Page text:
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But what about the evidence, and more importantly, what about the quest for what the real truth may be? If we already "know", then you aren't going to learn much else. Sort of like the folks who go to church. They aren't "seeking" anything, they already have their answer.
I find it interesting as well that you'd use a religious source in a discussion regarding the validity of mystical mumbo-jumbo vs. hard science.
Absence of evidence is not evidence of absence in this case - just because we have not found the 'missing link' does not indicate taht there never was one.
In fact, rapid evolution is sometimes theorized to have occured many times in the past, which would account for lack of a 'smoking gun' in the example of monotremes.
Every creature was created according to its kind. Each kind was made such that its genetic code carried all that was needed for the startling variety seen in subsequent generations.
I wasn't using the terminology in a mocking fashion, for the record... I apologize if you saw it as such.
I also note that you have not responded to the use of a biased source for your information.
Regarding the 'lack of evidence' train of thought, there is considerably more evidence for evolutionary science as opposed to a 'creator'.
What amazes me is that no matter how much fossil evidence is uncovered, it's always disregarded because we cannot recover evidence for every single species. Fossilization doesn't occur frequently, the conditions required aren't exactly common. It simply makes no sense to believe that every living thing that ever existed can have recoverable fossils.
I'd be interested to see what evidence you've gathered in support of some intelligent creator who had the foresight to allow minor changes for adaptability, but wouldn't allow for maximum felxibility in mutation.
...Believe it or not, orthodox evolutionists have tried to explain all the staggering variation both within and among species on the basis of these random changes in heredity called "mutations." What we know about mutations, however, makes them entirely unsuitable as any "raw materials for evolutionary progress."
As Ayala says, mutations in fruit flies have produced "extremely short wings, deformed bristles, blindness and other serious defects." Such mutations impose an increasingly heavy genetic burden or genetic load on a species. In her genetics textbook, Anna Pai makes it clear that "the word load is used intentionally to imply some sort of burden" that drags down the genetic quality of a species.3 The list of human mutational disorders, or genetic diseases, for example, has already passed 1500, and it is continuing to grow.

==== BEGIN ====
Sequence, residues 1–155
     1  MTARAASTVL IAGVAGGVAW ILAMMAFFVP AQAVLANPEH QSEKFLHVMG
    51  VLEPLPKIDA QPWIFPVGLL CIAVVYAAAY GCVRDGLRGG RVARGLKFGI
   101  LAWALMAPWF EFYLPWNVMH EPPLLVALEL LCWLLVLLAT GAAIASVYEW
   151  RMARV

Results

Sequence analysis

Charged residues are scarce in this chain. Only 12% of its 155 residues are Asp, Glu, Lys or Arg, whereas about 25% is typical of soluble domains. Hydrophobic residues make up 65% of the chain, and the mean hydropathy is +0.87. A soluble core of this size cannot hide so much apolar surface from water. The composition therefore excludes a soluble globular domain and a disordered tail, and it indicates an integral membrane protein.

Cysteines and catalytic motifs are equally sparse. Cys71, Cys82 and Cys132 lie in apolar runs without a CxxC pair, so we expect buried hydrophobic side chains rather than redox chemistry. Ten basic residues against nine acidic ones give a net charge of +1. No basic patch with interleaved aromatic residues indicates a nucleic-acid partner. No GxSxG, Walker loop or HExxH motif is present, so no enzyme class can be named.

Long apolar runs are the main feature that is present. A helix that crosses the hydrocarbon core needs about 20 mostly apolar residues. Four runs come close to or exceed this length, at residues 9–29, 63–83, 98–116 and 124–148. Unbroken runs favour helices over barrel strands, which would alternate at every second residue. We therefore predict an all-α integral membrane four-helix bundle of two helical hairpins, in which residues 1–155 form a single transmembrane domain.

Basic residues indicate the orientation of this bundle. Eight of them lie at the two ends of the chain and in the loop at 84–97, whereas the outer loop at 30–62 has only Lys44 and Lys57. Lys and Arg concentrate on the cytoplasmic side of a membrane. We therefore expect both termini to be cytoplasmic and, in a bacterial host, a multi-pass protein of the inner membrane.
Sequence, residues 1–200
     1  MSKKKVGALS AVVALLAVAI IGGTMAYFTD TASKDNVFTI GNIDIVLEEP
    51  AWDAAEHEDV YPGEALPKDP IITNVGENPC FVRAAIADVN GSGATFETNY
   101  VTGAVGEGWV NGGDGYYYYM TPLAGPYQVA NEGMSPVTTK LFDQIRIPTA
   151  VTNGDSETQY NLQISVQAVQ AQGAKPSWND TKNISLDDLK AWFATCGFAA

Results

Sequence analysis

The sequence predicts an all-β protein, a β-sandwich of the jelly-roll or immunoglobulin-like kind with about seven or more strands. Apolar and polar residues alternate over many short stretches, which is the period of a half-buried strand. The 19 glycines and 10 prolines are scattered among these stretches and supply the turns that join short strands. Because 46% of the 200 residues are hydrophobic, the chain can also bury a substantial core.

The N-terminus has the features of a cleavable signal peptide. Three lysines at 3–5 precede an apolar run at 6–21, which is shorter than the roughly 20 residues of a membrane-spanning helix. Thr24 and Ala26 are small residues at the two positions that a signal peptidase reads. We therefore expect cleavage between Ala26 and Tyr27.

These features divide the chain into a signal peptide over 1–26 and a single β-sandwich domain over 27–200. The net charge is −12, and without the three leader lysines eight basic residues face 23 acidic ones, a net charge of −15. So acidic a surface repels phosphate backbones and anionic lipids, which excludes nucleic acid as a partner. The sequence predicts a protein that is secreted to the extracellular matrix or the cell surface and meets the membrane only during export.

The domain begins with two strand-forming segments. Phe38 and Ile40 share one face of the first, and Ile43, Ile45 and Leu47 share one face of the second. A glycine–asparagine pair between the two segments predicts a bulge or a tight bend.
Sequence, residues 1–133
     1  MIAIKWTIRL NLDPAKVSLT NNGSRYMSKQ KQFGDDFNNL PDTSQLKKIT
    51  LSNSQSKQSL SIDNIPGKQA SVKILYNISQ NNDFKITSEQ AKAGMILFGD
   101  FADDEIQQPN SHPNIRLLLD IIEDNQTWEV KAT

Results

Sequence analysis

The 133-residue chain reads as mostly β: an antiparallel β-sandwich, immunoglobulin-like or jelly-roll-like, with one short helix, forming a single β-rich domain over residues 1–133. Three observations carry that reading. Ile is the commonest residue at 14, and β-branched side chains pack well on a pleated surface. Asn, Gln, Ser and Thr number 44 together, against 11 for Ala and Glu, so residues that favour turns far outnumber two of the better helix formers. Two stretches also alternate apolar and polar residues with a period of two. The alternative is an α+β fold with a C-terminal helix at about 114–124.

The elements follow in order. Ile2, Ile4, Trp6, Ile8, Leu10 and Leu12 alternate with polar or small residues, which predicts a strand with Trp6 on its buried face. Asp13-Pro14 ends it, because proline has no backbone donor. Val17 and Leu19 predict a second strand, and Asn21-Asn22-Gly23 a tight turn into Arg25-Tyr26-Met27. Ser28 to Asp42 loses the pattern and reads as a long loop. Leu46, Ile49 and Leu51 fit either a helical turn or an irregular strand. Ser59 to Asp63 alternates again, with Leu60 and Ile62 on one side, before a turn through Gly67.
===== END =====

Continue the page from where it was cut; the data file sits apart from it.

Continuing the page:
By elimination of the unfit, natural selection reduces the harmful effects of mutations on a population, but it cannot solve the evolutionists genetic burden problem entirely. Most mutations are recessive. That is, like the hemophilia ("bleeder's disease") gene in England's Queen Victoria, the mutant can be carried, undetected by selection, in a person (or plant or animal) with a dominant gene that masks the mutant's effect.
Time, the usual "hero of the plot" for evolutionists, only makes genetic burden worse. As time goes on, existing mutants build up to a complex equilibrium point, and new mutations are continually occurring. That is why marriage among close relatives (e.g. Cain and his sister) posed no problem early in human history, even though now, thanks to the increase in mutational load with time, such marriages are considered most unwise. Already, 1% of all children born will require some professional help with genetic problems, and that percentage doubles in first-cousin marriages.
Genetic burden, then, becomes a staggering problem for evolutionists trying to explain the enormous adaptive variation within species on the basis of mutations. For any conceivable favorable mutation, a species must pay the price or bear the burden of more than 1000 harmful mutations of that gene. Against such a background of "genetic decay," any hypothetical favorable mutant in one gene would invariably be coupled to harmful changes in other genes. As mutational load increases with time, the survival of the species will be threatened as matings produce a greater percentage of offspring carrying serious genetic defects.1,3
As the source of adaptive variability, then, mutations (and orthodox evolution theories) fail completely. As a source of "negative variability," however, mutations serve only too well. Basing their thinking on what we observe of mutations and their net effect (genetic burden), creationists use mutations to help explain the existence of disease, genetic defects, and other examples of "negative variation" within species.